Meet Your Maker On the Maine Pottery Tour

The annual tour fosters connections between the people who make pottery and the people who buy it.

Portland’s Guenola Lefeuvre carves unique textures into her porcelain work, hence her studio name, Textured Porcelain.
By Adrienne Perron
From our May 2023 issue

These days, a man makes you something and you never see his face,” Don Henley sang, back in the ’80s. That line, from a solo track by the Eagles drummer, has always resonated with Lori Keenan Watts, a ceramicist who owns Fine Mess Pottery, in Augusta. Machines make most of the objects in people’s homes, which doesn’t sit well with Watts. “There are potters in every Maine community,” she says. “And people can have a deeper appreciation of handmade work if they see who made it and where they made it.”

That’s why Watts organizes the Maine Pottery Tour, a weekend-long, self-guided driving tour of studios across Maine. For 11 years, on the first weekend in May, ceramicists have welcomed the public into their studios for demonstrations and workshops. Watts even invites visitors to help her unload soda-fired stoneware pottery from the kiln.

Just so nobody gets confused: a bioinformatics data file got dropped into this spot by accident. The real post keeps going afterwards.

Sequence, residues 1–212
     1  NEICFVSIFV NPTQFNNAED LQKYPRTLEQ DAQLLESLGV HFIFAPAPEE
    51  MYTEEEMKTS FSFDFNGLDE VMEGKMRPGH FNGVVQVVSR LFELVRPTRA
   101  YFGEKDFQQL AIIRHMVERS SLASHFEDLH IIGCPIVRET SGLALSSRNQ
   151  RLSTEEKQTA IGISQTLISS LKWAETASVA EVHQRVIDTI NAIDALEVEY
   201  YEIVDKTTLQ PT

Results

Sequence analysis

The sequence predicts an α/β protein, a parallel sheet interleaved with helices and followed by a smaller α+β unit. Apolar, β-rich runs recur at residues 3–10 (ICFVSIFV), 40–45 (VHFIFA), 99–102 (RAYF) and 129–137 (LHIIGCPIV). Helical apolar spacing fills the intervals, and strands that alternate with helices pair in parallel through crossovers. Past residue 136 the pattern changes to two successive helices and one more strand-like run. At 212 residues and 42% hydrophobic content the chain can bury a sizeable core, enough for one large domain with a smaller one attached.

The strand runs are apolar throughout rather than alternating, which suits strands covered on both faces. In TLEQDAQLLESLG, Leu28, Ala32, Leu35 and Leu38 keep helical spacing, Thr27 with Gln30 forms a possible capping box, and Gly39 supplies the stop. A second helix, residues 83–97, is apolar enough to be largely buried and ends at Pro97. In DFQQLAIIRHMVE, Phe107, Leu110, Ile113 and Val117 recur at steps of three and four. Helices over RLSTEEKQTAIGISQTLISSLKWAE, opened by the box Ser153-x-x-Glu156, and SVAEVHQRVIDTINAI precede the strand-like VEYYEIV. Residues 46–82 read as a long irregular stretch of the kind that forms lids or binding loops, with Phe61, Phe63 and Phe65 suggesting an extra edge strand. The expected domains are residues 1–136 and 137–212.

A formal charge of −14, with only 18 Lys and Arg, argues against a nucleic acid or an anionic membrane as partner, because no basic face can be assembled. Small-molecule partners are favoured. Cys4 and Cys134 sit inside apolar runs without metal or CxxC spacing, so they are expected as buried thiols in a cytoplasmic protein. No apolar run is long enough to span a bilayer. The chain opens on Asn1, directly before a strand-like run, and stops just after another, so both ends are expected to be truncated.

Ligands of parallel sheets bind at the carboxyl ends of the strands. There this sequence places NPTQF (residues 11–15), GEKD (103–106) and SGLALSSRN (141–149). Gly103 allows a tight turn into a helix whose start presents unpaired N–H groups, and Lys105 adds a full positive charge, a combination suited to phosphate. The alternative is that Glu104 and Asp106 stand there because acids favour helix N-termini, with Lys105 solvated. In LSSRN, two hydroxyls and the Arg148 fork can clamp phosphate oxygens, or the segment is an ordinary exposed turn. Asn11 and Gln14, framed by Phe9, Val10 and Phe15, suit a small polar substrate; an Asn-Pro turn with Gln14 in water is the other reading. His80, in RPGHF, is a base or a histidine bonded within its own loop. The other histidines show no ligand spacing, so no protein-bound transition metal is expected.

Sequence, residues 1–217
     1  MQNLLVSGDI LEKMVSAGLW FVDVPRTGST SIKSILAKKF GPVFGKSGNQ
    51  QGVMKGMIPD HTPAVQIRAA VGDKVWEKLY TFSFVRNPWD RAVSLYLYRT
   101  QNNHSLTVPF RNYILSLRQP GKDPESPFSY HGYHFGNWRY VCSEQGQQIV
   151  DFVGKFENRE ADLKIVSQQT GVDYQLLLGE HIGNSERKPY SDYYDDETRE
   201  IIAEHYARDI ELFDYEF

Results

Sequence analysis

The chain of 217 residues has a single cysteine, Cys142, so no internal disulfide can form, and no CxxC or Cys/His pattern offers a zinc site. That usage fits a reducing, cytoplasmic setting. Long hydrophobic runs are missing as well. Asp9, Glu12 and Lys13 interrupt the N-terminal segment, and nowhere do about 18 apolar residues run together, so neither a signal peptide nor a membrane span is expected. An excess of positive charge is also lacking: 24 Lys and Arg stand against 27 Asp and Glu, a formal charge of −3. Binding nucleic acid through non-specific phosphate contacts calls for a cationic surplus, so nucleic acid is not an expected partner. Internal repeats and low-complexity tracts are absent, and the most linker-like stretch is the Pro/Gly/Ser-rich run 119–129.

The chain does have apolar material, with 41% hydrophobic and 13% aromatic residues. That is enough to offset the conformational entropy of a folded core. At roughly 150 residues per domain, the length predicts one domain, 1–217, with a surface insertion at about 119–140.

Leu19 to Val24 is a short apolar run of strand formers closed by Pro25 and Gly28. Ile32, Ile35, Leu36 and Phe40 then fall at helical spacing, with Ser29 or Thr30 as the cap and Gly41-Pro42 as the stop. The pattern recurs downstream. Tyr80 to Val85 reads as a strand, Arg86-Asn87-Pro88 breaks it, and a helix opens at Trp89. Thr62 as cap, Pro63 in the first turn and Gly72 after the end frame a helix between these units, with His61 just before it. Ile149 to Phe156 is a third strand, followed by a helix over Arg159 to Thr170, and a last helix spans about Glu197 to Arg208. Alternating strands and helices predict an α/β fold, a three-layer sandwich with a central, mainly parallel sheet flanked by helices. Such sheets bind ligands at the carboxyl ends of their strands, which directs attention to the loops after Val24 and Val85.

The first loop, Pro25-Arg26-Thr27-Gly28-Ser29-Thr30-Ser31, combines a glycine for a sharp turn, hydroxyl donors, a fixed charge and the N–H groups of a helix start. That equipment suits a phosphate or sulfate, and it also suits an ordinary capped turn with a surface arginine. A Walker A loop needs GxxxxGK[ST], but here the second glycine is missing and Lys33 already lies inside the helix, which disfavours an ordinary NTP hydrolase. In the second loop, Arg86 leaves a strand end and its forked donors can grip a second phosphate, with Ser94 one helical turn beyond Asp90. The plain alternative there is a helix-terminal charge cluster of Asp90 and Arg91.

Clockwise from top left: Jeffrey Lipton’s finished pottery often features images of fantasy or farm animals, drawn with glaze; in Swanville, Jody Johnstone’s 24-foot-long anagama tunnel kiln holds up to 800 pots; Portsmouth’s Stephen Zoldak demonstrates slip-trail decorating by applying patterns on clay using a bottle; York potter Amy Clark puts a copper finish on her Ocean Fire Pottery pieces using a wood-fired kiln; Joshua David Rysted makes slab-built and wheel-thrown pottery in the Bethel studio he shares with his wife, potter Martha Grover.

The tour started back in 2011, when she and six other ceramicists decided to coordinate open houses on the same weekend. Word spread, and more fellow ceramicists have signed on each year — this year finds the circuit populated with 65 makers of both functional pieces and fine art. Their studios speckle the map as far north as Phillips, east as East Machias, and south as Kittery; Watts posts four regional maps on the website to help with planning road trips. 

During last year’s tour, nearly 5,000 visitors stopped by the studios — and Watts hopes they left with a little deeper relationship to their ceramic belongings. “When you wrap your hands around a handmade mug or bowl and it keeps you warm,” she says, “you know the person who made it for you had the idea of nourishing you.”

The 2023 Maine Pottery Tour will be May 6, 10 a.m.–5 p.m., and May 7, 11 a.m.–4 p.m.